Artificial Intelligence Will Become A Major Headache For Payments Companies

February 28, 2024

Artificial Intelligence (AI) has been a hot topic this year: from script writing, image generation, and countless other uses, AI has unlimited potential… and this applies to fraud as well.

According to Managing Editor at Payments Cards and Mobile, James Wood, the advent of generative AI is going to be a“major security headache for payments companies”.

Readers will surely remember the cyberattack on the MGM Grand casino in Las Vegas, which resulted in a complete shut down for almost a whole business week, and costing millions of dollars in costs both from repairs and lost revenue. And this is not set to be an isolated incident. It is estimated by Lloyds of London that, should a cyberattack on a global pay,Mets system be successful, it could cause a $3.5 trillion hit to the world’s GDP.

Let’s remember scammers, fraudsters and hackers not only focus on global or big corporations: for a small or medium business, one cyberattack could drive them to go under… and it is estimated that around half of all businesses in the UK fall under this category.

Comparing this year to last year, cyberattacks are up 10%, and according to CheckPoint Research, at the highest level ever recorded.

Payments Cards and Mobile highlights the key risks to look out for next year.

As AI evolves, so do the strategies of criminals. And as more regulations prevent legitimate companies from using it in certain ways, criminals do not follow the same rules. AI software such as ChatGPT can be used to enhance the believability of criminals’ fake identities and profiles, making it easier to sneak into company systems.

“Expect criminals to use generative AI and GPU farming to create higher volumes of harder-to-detect fake customer profiles.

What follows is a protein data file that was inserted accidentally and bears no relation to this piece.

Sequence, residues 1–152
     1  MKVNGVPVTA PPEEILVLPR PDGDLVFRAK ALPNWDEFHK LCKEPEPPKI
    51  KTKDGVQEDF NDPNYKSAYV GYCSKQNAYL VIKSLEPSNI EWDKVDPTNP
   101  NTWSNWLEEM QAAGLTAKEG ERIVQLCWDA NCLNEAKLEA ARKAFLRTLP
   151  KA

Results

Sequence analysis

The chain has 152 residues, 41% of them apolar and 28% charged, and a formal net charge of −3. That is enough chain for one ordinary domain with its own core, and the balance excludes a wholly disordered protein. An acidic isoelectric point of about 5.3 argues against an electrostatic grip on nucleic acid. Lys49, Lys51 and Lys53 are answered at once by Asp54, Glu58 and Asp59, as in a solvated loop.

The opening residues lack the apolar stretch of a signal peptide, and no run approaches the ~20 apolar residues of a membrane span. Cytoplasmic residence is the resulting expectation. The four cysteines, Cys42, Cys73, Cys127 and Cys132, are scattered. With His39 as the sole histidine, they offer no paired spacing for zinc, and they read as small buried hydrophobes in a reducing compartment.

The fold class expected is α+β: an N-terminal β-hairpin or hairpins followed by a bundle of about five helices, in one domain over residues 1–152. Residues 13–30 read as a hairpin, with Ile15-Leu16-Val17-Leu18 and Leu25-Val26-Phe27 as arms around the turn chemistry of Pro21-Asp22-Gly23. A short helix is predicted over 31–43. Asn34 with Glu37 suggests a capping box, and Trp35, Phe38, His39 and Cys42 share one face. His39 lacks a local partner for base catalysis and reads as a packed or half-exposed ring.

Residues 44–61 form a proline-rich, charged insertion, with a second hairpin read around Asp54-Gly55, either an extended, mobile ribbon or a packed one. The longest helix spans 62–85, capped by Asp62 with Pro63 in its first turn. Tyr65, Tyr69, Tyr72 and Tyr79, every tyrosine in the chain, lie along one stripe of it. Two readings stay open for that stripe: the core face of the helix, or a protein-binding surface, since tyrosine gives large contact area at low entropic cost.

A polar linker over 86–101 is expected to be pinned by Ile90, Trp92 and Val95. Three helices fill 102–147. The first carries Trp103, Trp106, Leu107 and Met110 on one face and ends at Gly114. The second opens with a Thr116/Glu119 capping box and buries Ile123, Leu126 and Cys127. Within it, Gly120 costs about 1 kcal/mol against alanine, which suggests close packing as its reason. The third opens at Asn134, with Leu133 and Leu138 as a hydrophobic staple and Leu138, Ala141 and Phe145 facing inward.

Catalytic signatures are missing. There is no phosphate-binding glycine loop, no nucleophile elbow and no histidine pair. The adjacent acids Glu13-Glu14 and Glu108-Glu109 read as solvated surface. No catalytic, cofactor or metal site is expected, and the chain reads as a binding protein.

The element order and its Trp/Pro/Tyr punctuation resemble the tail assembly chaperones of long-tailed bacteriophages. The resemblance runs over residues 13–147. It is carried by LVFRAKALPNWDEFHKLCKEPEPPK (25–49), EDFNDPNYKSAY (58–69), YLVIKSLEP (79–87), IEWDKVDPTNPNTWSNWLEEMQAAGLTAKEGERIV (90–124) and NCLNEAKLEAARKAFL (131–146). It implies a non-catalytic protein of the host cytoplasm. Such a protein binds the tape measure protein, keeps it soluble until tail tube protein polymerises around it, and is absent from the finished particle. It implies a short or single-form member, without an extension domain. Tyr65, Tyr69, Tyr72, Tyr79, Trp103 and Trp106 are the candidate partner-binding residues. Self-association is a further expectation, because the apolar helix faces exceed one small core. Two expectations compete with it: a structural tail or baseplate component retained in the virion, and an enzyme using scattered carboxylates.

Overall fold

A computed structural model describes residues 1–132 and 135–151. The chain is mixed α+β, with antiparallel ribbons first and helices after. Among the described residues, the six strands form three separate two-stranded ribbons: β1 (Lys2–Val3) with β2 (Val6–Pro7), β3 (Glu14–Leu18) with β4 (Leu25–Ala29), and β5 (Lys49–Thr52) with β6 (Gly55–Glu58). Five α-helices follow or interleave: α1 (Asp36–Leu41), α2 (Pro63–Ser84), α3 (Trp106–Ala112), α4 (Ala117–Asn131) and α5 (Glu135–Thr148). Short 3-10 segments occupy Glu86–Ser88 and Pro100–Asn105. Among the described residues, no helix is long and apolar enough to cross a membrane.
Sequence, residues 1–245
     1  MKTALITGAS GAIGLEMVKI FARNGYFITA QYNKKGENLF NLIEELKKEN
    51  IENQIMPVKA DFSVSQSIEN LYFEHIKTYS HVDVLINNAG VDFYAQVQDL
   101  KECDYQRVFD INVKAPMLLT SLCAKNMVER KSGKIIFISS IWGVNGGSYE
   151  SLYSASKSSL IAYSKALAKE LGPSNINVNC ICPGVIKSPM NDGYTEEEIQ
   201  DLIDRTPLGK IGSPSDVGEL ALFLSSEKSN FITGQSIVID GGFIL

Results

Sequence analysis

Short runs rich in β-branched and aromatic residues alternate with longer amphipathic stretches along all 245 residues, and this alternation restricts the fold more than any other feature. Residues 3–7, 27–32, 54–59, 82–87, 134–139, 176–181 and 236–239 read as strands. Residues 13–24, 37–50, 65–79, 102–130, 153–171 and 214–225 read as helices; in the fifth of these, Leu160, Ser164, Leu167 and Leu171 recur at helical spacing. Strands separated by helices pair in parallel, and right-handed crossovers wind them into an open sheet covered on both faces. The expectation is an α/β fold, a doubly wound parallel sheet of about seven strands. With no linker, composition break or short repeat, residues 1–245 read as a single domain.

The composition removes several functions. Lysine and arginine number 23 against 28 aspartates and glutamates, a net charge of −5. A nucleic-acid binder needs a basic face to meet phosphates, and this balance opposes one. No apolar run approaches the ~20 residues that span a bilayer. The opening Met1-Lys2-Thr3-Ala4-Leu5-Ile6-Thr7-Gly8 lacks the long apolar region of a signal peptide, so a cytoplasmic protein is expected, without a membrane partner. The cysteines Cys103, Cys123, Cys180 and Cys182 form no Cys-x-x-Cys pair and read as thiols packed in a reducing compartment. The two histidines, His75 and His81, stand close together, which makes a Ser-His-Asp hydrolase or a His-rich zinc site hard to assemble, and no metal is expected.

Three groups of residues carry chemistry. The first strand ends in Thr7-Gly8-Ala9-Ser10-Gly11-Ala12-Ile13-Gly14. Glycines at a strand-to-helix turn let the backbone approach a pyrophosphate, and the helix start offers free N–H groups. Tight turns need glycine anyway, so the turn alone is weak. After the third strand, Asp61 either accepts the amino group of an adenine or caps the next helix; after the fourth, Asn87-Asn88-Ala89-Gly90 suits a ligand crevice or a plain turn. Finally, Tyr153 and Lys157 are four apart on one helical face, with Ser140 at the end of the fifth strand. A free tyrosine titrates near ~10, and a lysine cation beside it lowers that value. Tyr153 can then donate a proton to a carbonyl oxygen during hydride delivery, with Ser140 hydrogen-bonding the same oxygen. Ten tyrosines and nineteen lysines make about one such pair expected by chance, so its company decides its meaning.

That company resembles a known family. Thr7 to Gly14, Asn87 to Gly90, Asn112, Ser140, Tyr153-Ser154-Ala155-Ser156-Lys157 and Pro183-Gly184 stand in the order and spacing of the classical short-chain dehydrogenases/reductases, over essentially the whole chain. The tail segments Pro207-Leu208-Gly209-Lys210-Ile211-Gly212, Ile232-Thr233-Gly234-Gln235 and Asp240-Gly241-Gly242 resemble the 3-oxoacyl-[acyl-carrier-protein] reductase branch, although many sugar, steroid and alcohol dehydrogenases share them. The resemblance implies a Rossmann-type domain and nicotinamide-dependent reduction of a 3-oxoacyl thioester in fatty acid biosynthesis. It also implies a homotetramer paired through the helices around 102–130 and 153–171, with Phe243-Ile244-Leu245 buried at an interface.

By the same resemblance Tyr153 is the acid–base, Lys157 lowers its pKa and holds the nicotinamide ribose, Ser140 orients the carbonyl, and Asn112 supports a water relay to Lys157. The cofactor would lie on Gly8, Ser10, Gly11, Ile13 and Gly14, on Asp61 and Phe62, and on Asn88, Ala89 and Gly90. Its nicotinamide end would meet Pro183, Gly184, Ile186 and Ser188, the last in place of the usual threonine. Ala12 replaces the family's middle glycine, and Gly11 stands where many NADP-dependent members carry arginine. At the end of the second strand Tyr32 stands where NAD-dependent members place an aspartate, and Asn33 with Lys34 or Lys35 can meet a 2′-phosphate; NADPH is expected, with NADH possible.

An excerpt from the original article details GPU farming:

“GPU farming” means setting very specific tasks to a series of networked computers to enable data calculations to be completed more efficiently. Expect criminals to combine GPU farming with generative AI software to create fake user profiles more effectively than ever before – and more rapidly. To counteract this, companies need to do more to protect their data, as well as keeping it as “clean and up to date as possible”.

It is also imperative for senior levels at any organization to recognize the risk, and understand that security teams will be overwhelmed. This means security leadership needs to be involved in business-decision making.

The Risks And How To Fight Back

It is also imperative for senior levels at any organization to recognize the risk, and understand that security teams will be overwhelmed. This means security leadership needs to be involved in business-decision making.

The “cloud” is recognized as one of the biggest systems risks by two-thirds of Chief Information Officer (CIOs), according to Forrester and Tenable.

The highest risk is the use of public cloud infrastructure (31%), multi-cloud or hybrid cloud (27%) and private cloud (9%), and we can expect trouble as ONLY three in ten companies are using private cloud arrangements.

To counteract this, all data stored on any cloud service should be encrypted, and making sure that only certain roles can access this data, as well as requiring multiple factor authentication, such as biometric data.

“At present, just 5% of company files stored on the cloud are protected in any way, according to banking services firm BaaS Business Solutions – with cyberattacks occurring every 24 seconds, this is a recipe for disaster.”

According to tracking by SonicWall Capture Labs , last year alone, malware attacks went up a whopping 87% – and European countries were in the global top ten for these attacks.

“Malware works by gaining access to a poorly-protected device, then using that device to launch malicious attacks on a wider system(…)An example would be malware on a personal smartphone accessing company email or data systems and preventing use of those systems in a technique known as Direct Denial of Service (DdoS).”

To counteract, strengthening protection on personal devices is imperative, as well as limiting access to company data via personal devices.

A smart organization will issue staff with encrypted devices for company use only.


Yes, AI could be used for good in the sector, but the damage it could do in the wrong hands is potentially devastating. But a little common sense, attention and thinking can help toward solving many of these exposure points. Payments firms need to be prepared to face the threat of generative AI and GPU farming. 

Want to learn more? Check out Payments Cards and Mobile’s full write-up here.

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